Group B preview

Benin, Ivory Coast, Mali and Nigeria have been drawn in the 'Group of Death'.

    Benin star Razak Omotoyossi will be trying to get the Squirrels out of the 'Group of Death' [GALLO/GETTY]

    If Group B is the proverbial 'Group of Death' at the 2008 Africa Cup of Nations, then Benin could be in for three funerals during the first round, with a last-place burial likely shortly after.
     
    With Benin's 'Squirrels' up against the might of Ivory Coast's 'Elephants', Mali's 'Eagles', and Nigeria's 'Super Eagles', even a battle of the team mascots would likely see Benin suffer greatly.
     
    Reinhard Fabisch's side will be making just their second appearance at the Cup after debuting four years ago in Tunisia with three losses, one goal scored and eight conceded.
     
    Dreams of a better showing in Ghana this time around suffered a severe blow when the tiny west Africa nation were drawn in the said 'Group of Death'.
     
    Razack Omotoyossi, the rising star of Benin football at just 22-years-old, burst on to the scene with two goals in the 4-1 thrashing of Togo last year and believes playing beside Sweden legend Henrik Larsson at Swedish club Helsingborg has been pivotal to his success.
     
    Omotoyossi is seekeing a move to the big show that is the English Premier League, and plans to put himself at the front of the shop window with some good performances in Ghana.
     
    Ivory Coast
     

    Didier Drogba is a usual suspect in the 
    Ivory Coast forward line [GALLO/GETTY]

    Fifa world rank: 38
     
    Coach: Gerard Gili
     
    Player to watch: Didier Drogba
     
    Best Africa Cup finish: Champions 1992
     
    Ivory Coast have plenty of soul searching to do ahead of this year's Africa Cup of Nations as they exorcise the demons of losing the 2006 final to home side Egypt in a penalty shoot-out.
     
    To add to that, the last time the biennial competition was staged in Ghana eight years ago, the 'Elephants' were also in the 'Group of Death', that time with Cameroon, Ghana and Togo.
     
    All teams finished on four points after the group stage, and the Ivorians made a humiliating first round exit on head-to-head record and goal difference.
     
    Furious at the results, the military rulers back home ordered the team into a camp for several days where players were drilled in the importance of national pride.
     
    This time around, Ivory Coast are once again one of the teams to beat, with a star-studded line up including Arsenal defenders Emmanuel Eboue and Kolo Toure, emerging Barcelona midfielder Yaya Toure and Chelsea strikers Salomon Kalou and reigning African Footballer of the Year Didier Drogba.
     
    An unfortunate set back for the Elephants is that coach Uli Stielike will miss the tournament after his son lapsed into a coma ahead of the Cup, with experienced Frenchman Gerard Gili, coach of the Ivorian team that qualified for the 2008 Beijing Games, taking over.
     
    Mali
     

    Striker Frederic Kanoute, centre, will lead Mali
    from the front in Group B [GALLO/GETTY]

    Fifa world rank: 47
     
    Coach: Jean-Francois Jodar
     
    Player to watch: Frederic Kanoute
     
    Best Africa Cup finish: Runners-up 1972
     
    Mali have only played at four Nations Cup tournaments, but each time they have reached the final four. The 'Eagles' were runners-up in 1972, semi-finalists in 1992 and in 2002 as hosts, and again in 2004.
     
    If the Malians can progress from this group, another top-four finish could be on the cards for a team that boasts 2007 African Footballer of the Year finalists Mahamadou Diarra and Frederic Kanoute.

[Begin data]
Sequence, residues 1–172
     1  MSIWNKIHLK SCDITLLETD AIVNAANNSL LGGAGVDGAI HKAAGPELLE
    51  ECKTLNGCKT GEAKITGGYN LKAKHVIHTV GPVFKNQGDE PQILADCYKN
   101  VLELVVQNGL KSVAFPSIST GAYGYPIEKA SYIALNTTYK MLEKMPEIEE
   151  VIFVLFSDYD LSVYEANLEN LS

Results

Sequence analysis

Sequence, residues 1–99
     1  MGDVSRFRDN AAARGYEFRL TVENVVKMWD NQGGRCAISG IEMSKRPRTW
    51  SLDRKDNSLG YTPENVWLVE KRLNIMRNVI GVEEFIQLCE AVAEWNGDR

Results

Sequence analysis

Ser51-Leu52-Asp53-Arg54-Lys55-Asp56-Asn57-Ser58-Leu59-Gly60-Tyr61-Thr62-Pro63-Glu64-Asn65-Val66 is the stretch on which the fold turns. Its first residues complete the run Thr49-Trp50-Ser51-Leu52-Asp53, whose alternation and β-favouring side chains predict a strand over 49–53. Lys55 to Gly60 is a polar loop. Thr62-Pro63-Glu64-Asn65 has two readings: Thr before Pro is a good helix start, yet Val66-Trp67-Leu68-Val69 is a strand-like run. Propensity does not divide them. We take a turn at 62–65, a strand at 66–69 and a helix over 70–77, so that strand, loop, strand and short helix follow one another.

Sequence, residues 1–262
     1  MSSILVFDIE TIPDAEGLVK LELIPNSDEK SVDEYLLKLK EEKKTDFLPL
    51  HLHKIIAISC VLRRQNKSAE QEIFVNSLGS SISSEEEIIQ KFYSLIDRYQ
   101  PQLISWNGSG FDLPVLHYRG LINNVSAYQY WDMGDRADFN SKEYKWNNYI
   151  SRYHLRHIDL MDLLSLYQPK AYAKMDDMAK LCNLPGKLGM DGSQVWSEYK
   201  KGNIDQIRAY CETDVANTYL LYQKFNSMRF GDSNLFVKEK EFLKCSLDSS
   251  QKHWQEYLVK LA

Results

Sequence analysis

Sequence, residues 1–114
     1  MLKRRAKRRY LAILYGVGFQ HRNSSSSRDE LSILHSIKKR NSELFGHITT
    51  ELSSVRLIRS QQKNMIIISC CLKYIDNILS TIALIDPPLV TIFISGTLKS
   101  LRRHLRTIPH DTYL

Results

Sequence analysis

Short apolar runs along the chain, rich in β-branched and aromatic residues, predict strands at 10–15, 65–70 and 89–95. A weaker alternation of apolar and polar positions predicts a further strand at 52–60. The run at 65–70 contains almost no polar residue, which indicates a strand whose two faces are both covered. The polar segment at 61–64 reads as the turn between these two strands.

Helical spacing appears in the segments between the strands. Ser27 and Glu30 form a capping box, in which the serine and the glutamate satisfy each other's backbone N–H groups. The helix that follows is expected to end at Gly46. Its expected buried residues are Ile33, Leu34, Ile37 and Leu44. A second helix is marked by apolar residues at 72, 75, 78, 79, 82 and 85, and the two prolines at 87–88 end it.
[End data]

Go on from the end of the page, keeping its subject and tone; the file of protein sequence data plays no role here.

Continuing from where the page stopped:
Both key players are currently at clubs in the Spanish La Liga, with midfielder Diarra playing for Real Madrid while Kanoute is a key figure for back-to-back Uefa Cup title holders Sevilla.
     
    Kanoute, a devout Muslim, endeared himself to fellow believers last month by spending $700,000 to buy a mosque earmarked for demolition in the southern Spanish city.
     
    Jean-Francois Jodar, a 58-year-old former France defender, took over as head coach of Mali after a disastrous 2006 World Cup-African Nations Cup qualifying campaign, and navigating this year's 'Group of Death' will be his biggest challenge yet.
     
    Nigeria
     

    Nigerian striker Nwankwo Kanu does his best
    impression of a Super Eagle [GALLO/GETTY]

    Fifa world rank: 19
     
    Coach: Berti Vogts
     
    Player to watch: Nwankwo Kanu
     
    Best Africa Cup finish: Champions 1980, 1994
     
    Nigeria are the hard-luck story of recent Africa Cups, having collected the bronze medal at the past three editions of the biennial competition.
     
    In their last three semi-finals, the 'Super Eagles' slumped 2-1 to emerging Senegal after extra time in Mali in 2002, lost a penalty shootout against hosts Tunisia at the following tournament, and a solitary goal gave Ivory Coast victory in Egypt two years ago.
     
    If Nigeria manage to get out of the 'Group of Death', a possible quarter-final showdown with Ghana, who embarrassed the Super Eagles 4-1 last year in a London friendly, awaits.
     
    Coach Berti Vogts, 1974 World Cup winner with West Germany, is under extreme pressure to succeed where many local and foreign coaches have failed, with Nigerian Football Association officials saying there can be no excuses for disappointment in Ghana.
     
    Nwankwo Kanu, Portsmouth striker, has been a part of club sides that have won the European Champions League, Uefa Cup, English Premiership and FA Cup, but he is yet to get his hands on an African Cup winners' medal.
     
    Kanu, used by Nigeria as a link between midfield and attack in a flexible 4-3-3 system, will be looking to rectify that in Ghana.

    SOURCE: Al Jazeera and agencies


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